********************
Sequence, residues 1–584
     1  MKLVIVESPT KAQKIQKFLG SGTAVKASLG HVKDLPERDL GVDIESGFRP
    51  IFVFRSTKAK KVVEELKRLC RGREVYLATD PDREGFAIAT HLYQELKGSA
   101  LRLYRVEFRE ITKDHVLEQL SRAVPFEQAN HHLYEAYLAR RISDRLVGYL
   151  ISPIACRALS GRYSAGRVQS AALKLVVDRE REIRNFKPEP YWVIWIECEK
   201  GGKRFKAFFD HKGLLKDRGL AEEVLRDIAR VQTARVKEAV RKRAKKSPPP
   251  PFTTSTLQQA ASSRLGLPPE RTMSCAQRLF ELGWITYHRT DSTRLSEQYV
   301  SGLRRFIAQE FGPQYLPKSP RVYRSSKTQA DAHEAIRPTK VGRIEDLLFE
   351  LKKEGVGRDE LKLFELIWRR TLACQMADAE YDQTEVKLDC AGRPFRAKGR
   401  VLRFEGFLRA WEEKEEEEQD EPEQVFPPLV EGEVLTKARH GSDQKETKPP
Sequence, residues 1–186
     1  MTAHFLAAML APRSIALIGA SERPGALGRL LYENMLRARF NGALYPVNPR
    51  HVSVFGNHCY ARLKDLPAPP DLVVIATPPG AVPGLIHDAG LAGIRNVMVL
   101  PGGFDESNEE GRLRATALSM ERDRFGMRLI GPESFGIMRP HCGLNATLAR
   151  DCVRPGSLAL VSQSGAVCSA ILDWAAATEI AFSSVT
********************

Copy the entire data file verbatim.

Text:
Sequence, residues 1–584
     1  MKLVIVESPT KAQKIQKFLG SGTAVKASLG HVKDLPERDL GVDIESGFRP
    51  IFVFRSTKAK KVVEELKRLC RGREVYLATD PDREGFAIAT HLYQELKGSA
   101  LRLYRVEFRE ITKDHVLEQL SRAVPFEQAN HHLYEAYLAR RISDRLVGYL
   151  ISPIACRALS GRYSAGRVQS AALKLVVDRE REIRNFKPEP YWVIWIECEK
   201  GGKRFKAFFD HKGLLKDRGL AEEVLRDIAR VQTARVKEAV RKRAKKSPPP
   251  PFTTSTLQQA ASSRLGLPPE RTMSCAQRLF ELGWITYHRT DSTRLSEQYV
   301  SGLRRFIAQE FGPQYLPKSP RVYRSSKTQA DAHEAIRPTK VGRIEDLLFE
   351  LKKEGVGRDE LKLFELIWRR TLACQMADAE YDQTEVKLDC AGRPFRAKGR
   401  VLRFEGFLRA WEEKEEEEQD EPEQVFPPLV EGEVLTKARH GSDQKETKPP
Sequence, residues 1–186
     1  MTAHFLAAML APRSIALIGA SERPGALGRL LYENMLRARF NGALYPVNPR
    51  HVSVFGNHCY ARLKDLPAPP DLVVIATPPG AVPGLIHDAG LAGIRNVMVL
   101  PGGFDESNEE GRLRATALSM ERDRFGMRLI GPESFGIMRP HCGLNATLAR
   151  DCVRPGSLAL VSQSGAVCSA ILDWAAATEI AFSSVT